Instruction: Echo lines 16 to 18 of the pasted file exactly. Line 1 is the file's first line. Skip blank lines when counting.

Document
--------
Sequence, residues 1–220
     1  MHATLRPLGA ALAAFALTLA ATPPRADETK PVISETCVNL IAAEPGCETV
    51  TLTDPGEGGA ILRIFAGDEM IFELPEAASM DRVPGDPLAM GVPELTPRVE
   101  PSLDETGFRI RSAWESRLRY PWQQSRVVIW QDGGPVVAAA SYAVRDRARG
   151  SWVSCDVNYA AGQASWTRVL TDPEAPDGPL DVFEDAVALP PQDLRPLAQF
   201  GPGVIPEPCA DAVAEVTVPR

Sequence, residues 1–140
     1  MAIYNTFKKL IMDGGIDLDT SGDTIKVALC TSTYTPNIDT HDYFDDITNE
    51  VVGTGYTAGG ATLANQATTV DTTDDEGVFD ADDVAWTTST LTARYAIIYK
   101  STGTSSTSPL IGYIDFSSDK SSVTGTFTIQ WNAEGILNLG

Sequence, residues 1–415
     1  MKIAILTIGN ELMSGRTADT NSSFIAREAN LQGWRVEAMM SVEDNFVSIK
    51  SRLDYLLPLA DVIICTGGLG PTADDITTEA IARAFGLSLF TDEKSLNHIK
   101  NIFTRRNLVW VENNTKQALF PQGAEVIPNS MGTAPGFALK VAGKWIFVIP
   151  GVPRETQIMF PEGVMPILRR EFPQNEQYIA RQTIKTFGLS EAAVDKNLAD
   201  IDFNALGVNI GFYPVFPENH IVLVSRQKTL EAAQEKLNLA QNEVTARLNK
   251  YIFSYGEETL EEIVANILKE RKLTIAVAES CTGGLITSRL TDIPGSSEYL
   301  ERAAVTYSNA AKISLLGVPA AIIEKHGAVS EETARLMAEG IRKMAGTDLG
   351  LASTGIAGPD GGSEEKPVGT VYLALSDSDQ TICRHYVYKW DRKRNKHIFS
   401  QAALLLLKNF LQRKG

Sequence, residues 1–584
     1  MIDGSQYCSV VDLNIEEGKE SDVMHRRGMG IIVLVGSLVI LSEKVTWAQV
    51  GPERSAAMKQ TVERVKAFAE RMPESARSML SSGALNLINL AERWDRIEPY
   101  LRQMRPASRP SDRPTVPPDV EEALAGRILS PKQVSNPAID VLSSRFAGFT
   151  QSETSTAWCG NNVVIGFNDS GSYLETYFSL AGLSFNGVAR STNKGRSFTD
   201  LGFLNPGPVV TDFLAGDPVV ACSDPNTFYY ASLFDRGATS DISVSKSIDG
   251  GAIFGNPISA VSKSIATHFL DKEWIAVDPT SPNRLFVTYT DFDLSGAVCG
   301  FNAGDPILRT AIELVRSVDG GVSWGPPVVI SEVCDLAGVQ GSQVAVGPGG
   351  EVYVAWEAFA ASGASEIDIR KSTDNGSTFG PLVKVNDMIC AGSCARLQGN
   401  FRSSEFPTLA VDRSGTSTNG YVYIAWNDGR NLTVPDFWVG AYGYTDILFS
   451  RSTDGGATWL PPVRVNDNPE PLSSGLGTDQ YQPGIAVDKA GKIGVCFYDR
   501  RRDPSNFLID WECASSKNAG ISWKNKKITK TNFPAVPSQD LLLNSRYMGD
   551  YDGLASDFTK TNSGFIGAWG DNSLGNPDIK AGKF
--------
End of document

   201  IDFNALGVNI GFYPVFPENH IVLVSRQKTL EAAQEKLNLA QNEVTARLNK
   251  YIFSYGEETL EEIVANILKE RKLTIAVAES CTGGLITSRL TDIPGSSEYL
   301  ERAAVTYSNA AKISLLGVPA AIIEKHGAVS EETARLMAEG IRKMAGTDLG